“I’m not really sure about all the influencers, but when I promote something, I have to believe in the products and I make sure I try them out before promoting it to my people,” says UAE-based influencer Jumana Khan, who commands a TikTok fan base of nine million followers.

Oknayan adds: “We think it’s extremely important for influencers and creators to be fully aware of the products they are promoting and ensuring it is the right brand fit for them. They have a responsibility to their online community – who look up to and trust them – and by essentially endorsing the product, they have given it their seal of approval. With the rise of conscious consumerism now making ethical promotion more of a necessity rather than a choice, consumers today are less interested in product endorsements that generate clicks and are more inclined to trust authentic advertising.”

New Frontiers
In the face of the changing digital landscape, especially at a time when brands are constantly seeking people’s attention, there is no understating the role of influencers. With people continuing to spend an increasing amount of time on social media, the role of influencer marketing appears to remain relevant in the immediate future.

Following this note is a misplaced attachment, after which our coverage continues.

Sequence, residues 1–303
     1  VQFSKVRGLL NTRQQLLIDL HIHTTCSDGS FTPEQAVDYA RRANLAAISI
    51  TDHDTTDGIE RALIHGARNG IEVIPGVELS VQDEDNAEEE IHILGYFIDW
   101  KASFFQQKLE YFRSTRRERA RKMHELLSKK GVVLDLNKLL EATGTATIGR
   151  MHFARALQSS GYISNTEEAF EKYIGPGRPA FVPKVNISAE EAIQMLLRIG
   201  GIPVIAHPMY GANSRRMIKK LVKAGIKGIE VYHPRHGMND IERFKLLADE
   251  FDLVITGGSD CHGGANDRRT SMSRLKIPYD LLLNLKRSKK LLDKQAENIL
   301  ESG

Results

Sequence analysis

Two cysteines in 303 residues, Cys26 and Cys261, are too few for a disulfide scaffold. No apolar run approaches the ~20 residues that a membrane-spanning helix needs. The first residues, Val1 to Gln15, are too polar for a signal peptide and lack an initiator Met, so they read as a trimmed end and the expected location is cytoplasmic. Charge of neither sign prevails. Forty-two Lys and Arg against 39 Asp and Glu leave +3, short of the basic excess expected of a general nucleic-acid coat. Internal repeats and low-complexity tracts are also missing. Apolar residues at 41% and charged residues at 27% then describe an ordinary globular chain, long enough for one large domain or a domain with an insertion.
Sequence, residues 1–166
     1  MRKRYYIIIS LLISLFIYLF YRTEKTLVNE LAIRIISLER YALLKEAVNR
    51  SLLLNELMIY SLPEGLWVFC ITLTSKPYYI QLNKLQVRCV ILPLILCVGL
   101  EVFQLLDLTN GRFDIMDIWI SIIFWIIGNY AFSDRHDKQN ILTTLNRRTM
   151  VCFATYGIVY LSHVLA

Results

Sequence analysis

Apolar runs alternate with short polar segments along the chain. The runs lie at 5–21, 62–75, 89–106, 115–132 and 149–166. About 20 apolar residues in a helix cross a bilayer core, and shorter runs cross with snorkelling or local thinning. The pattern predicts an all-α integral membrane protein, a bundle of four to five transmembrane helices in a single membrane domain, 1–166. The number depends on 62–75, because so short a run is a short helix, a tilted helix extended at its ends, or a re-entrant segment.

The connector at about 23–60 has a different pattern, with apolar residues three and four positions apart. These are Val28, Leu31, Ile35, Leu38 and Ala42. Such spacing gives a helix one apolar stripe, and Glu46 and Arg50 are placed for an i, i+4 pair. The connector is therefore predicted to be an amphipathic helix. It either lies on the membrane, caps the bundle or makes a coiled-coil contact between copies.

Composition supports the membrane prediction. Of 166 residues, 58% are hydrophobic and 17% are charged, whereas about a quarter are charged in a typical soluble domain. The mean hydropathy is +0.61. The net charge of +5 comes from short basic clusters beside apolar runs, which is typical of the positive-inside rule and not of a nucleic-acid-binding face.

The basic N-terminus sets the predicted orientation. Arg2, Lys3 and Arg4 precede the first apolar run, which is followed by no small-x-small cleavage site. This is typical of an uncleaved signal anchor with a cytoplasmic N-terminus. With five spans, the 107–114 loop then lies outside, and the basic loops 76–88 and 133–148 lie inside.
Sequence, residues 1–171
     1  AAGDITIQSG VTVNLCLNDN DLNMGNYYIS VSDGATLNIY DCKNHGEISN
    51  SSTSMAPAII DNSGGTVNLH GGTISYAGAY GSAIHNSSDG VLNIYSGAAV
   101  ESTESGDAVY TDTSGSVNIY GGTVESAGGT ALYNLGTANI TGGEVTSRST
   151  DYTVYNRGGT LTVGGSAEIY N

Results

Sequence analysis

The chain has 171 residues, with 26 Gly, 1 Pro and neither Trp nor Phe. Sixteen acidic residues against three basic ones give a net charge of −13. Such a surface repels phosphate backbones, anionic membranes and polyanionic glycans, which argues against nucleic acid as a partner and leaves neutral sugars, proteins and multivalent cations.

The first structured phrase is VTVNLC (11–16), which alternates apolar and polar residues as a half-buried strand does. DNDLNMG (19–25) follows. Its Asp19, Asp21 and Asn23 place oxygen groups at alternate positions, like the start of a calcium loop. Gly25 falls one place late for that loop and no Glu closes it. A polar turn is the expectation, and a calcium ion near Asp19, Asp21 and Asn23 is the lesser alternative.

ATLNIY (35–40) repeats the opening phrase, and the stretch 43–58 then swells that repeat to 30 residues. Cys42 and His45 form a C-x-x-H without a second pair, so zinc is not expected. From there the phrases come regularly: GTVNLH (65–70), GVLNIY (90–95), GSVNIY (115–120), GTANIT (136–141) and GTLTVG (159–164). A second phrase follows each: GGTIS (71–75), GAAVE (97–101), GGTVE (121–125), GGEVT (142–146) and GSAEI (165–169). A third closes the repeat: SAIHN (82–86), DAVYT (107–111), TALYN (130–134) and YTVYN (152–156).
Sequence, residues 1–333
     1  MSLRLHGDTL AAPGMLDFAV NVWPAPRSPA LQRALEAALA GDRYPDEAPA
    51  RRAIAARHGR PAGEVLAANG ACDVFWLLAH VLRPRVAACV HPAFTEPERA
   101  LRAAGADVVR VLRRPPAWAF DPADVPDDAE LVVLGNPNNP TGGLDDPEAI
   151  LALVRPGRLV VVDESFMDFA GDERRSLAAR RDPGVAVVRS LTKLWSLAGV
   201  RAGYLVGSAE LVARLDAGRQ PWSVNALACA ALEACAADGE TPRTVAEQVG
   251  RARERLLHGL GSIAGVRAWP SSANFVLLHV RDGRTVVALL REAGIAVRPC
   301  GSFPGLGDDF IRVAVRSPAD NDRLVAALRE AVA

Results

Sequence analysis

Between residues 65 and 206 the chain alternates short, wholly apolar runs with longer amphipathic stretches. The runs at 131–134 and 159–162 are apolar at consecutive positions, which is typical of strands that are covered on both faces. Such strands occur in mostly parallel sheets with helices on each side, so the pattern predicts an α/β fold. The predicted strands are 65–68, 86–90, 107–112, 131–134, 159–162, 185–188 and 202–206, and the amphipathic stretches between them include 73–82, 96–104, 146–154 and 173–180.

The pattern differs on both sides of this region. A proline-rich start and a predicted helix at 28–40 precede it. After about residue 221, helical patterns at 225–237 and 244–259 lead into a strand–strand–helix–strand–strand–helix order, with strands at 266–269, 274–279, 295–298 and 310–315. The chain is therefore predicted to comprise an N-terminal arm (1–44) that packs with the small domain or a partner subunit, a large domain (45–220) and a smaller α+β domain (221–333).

Professional networking site LinkedIn listed ‘digital marketing specialists’ as one of the most in-demand jobs in the UAE in 2021, while ‘influencer marketing’ was featured as a top skill. The influencer marketing industry is set to be worth $15bn by 2022 and there are some specific emerging trends which will also help to prove its value, suggests Mapstone.

“Following the increased adoption in online shopping, social commerce is the next frontier. Instagram and TikTok are introducing new shoppable options all the time and they will help increase those influencer-led conversions. We’re expecting to see ‘Live’ shopping on Instagram take off with the platform investing in making it shoppable – particularly having seen the power of live social commerce in Asia.

“As brands branch into that market, they’ll be looking for trusted social personalities to front their live streams – and influencers will fit the bill,” he adds.